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Safina Snaps Up Back-To-Back Title


The Rogers Cup final, a tier I tournament, was a contest between the experienced Russian Dinara Safina and the novice Slovakian Dominika Cibulkova. Safina’s steadiness was too much for her 19 year-old counterpart; Dinara cremated Cibulkova 6-2, 6-1.

Although there were flashes of brilliance from Cibulkova, the result never seemed in doubt. After holding serve to commence the proceedings, Safina broke her opponent to take 2-0 lead. After falling behind 1-5, Cibulkova hoped to turn things around as she had done with Jelena Jankovic, coming back from that exact deficit to win the set. After giving Cibulkova an opening as she served for the match and being broken, Dinara took advantage of Dominka’s service problems to take the set.

Under pressure at deuce the first game of the second set, Safina threw in consecutive aces to close out the game. After breaking Cibulkova, Safina went down break point which she erased with a second serve ace, then replicated another ace to seal the game for a 3-0 lead. Mainly a defensive player, Cibulkova failed to get many errors from Safina. The 2008 French Open Finalist continued to play smart tennis, pressuring Dominika to go for low percentage shots. After breaking Safina, Cibulkova lost her serve at love to go down 1-5. Serving for the match, Safina did not stumble and went on to make a second serve ace to seal the victory.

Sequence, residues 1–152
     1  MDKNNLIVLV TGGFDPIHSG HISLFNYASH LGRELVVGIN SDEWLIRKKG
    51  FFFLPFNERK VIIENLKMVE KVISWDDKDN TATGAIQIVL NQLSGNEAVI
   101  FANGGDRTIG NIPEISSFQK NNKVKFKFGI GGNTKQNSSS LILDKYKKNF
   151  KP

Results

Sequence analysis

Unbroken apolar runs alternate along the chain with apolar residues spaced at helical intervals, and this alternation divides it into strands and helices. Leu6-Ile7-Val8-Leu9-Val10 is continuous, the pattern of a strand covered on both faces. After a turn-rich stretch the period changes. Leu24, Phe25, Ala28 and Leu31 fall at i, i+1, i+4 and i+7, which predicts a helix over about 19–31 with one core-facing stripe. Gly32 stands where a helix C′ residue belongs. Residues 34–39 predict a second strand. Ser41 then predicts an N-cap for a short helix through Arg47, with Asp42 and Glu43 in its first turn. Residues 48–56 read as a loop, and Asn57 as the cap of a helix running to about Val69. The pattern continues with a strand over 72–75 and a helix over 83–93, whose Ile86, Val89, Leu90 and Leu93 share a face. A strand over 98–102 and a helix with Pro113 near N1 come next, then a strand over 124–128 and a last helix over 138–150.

To make it to the finals, Cibulkova crushed Elena Dementieva in the second round, Nadia Petrova in the third round, Jelena Jankovic in the quarterfinals and Marion Bartoli in the semifinals. Cibulkova’s ranking will leap from 31 to 20 while Safina’s will creep up a notch to 7. With this win, Dinara tops the standings for the U.S Open series bonus money. The Rogers’ Cup is Safina’s second tier I title of the year.

At the Nordea Nordic Light Open in Sweden, a tier IV hardcourt tournament, Caroline Wozniacki of Denmark crushed Russia’s Vera Dushevina in the finals 6-0, 6-2.